Call for Greater Investment and Collaboration in Science in Africa
The event was co-organized by the Swedish International Development Agency (Sida), Uppsala University's International Science Programme (ISP), Addis Ababa University (AAU) and the African Commission. Some 130 people from more than 30 countries participated.
In his plenary lecture, Hassan called for increasing the level of support for young scientists in Africa and promoting strategies to engage Africa's diaspora in scientific activities across the continent through such activities as "exchange programmes, visiting professorship schemes and joint research projects".
Hassan lamented the absence of science foundations in Africa – only South Africa has a national foundation that actively provides grants and general funding for science. As a result, he noted, organizations such the International Foundation for Science (IFS), the Abdus Salam International Centre for Theoretical Physics (ICTP), the University of Uppsala's International Science Programme (ISP) and the Regional Initiative in Science and Technology (RISE) must continue to play a critical role in compensating for a lack of funding for basic scientific research in many African countries.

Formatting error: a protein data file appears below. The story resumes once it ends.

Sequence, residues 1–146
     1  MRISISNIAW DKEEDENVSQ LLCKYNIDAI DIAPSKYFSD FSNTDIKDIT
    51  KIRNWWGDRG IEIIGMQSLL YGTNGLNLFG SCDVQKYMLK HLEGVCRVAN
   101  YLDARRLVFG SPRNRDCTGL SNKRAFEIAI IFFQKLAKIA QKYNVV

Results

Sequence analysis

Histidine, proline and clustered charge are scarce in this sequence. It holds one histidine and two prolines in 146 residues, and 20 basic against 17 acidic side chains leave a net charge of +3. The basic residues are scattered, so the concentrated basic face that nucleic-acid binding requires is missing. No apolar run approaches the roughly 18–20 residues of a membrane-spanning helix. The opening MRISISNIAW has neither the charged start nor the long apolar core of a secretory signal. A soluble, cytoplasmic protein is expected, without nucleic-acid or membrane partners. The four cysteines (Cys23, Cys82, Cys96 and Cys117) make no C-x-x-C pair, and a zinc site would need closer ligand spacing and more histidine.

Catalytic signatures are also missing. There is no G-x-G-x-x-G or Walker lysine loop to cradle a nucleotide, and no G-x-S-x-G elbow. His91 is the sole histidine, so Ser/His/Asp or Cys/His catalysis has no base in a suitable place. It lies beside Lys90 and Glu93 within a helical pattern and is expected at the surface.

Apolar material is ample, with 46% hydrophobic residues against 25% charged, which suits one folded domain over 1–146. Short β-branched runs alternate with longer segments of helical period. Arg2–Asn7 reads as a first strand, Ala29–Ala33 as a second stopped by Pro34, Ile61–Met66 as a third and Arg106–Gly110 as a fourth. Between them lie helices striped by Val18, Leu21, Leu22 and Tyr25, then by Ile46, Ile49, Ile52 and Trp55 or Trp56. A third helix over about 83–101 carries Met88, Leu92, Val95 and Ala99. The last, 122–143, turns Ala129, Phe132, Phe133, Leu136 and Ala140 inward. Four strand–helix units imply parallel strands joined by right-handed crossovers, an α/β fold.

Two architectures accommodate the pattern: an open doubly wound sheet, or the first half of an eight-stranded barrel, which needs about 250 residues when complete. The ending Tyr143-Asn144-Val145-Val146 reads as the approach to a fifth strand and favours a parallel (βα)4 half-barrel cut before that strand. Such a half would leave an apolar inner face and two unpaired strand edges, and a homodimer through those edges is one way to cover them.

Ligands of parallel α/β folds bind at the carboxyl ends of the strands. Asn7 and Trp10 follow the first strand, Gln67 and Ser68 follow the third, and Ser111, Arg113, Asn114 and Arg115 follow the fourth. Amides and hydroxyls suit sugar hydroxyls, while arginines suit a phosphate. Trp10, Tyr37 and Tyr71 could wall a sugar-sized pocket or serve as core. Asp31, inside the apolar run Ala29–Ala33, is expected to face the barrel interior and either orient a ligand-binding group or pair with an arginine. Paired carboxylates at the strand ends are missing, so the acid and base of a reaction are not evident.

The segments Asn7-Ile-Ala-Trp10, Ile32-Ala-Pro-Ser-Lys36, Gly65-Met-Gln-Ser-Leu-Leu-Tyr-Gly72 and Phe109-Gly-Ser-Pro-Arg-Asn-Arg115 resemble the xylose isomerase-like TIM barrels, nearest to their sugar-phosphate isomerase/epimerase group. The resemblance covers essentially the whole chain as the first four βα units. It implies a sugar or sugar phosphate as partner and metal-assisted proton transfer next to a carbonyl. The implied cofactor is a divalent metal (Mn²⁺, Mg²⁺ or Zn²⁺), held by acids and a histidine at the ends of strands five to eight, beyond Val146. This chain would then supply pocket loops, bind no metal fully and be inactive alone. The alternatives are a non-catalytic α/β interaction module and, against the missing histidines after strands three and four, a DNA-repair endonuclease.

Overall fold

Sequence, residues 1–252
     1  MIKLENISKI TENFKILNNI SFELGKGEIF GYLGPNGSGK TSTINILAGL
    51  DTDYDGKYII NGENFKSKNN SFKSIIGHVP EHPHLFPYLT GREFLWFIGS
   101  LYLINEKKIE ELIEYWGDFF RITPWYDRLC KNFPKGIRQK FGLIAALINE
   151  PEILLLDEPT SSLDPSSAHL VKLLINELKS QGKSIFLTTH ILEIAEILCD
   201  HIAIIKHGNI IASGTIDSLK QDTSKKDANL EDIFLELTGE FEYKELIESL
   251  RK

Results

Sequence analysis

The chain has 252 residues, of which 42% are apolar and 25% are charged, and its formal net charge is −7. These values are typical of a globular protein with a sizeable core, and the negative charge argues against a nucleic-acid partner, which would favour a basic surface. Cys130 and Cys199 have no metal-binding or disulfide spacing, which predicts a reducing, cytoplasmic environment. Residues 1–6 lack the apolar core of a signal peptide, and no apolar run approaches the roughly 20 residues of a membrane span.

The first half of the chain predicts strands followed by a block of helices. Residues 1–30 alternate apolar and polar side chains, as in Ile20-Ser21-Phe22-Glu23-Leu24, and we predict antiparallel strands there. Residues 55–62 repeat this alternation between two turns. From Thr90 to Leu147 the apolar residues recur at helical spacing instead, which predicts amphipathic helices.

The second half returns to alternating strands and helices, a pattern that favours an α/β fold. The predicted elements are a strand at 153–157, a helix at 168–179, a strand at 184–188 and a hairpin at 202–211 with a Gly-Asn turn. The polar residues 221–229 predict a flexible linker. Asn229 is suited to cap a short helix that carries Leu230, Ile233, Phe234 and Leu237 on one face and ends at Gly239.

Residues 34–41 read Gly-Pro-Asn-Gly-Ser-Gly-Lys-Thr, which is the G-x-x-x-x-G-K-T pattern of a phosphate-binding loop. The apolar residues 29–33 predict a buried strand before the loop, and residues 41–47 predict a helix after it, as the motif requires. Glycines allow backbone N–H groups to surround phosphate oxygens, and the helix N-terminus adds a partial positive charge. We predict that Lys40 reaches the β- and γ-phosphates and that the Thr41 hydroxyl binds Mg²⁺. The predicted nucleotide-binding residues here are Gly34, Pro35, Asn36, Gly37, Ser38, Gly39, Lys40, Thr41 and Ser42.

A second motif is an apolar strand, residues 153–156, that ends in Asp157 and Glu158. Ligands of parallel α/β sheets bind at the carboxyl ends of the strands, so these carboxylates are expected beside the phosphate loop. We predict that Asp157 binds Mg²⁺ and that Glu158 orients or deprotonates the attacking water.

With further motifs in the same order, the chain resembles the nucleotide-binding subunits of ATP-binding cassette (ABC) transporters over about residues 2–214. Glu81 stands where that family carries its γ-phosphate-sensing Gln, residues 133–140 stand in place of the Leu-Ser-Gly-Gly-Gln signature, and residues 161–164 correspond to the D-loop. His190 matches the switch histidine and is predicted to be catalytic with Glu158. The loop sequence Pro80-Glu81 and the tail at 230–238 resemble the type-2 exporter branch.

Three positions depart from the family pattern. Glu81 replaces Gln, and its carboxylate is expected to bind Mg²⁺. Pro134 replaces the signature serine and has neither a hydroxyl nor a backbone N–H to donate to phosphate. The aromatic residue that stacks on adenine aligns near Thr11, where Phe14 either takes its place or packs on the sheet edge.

Hassan stated that several African countries were taking important steps to improve their scientific capacity. For example, he noted that "Rwanda is now spending 2.5 percent of its gross domestic product on research and development" and that "South Africa is spending about 1 percent." Tanzania, he said, has recently announced that it would raise its R&D expenditures to 1 percent of GDP by 2015.
But Hassan was quick to add that, by virtually any measure, Africa continues to lag far behind other continent's in scientific capabilities. "With nearly 15 percent of the world's population", Hassan observed, "African scientists produce less than 1.5 percent of the world's peer-reviewed scientific publications". He went on to say that six of the top ten countries with the highest percentage of emigrated citizens are from sub-Saharan Africa. "Chicago", he observed, "has more doctors of Ethiopian origins than Ethiopia itself".
The key to Africa's future success, Hassan concluded, lies with "forging sufficient levels of regional and international cooperation to help raise the quality of education and research in Africa". Steps, he said, must be taken "to integrate the continent's scientists into the global scientific community and to create sufficient opportunities for African scientists to pursue science-based solutions to the continent's most challenging real-life problems".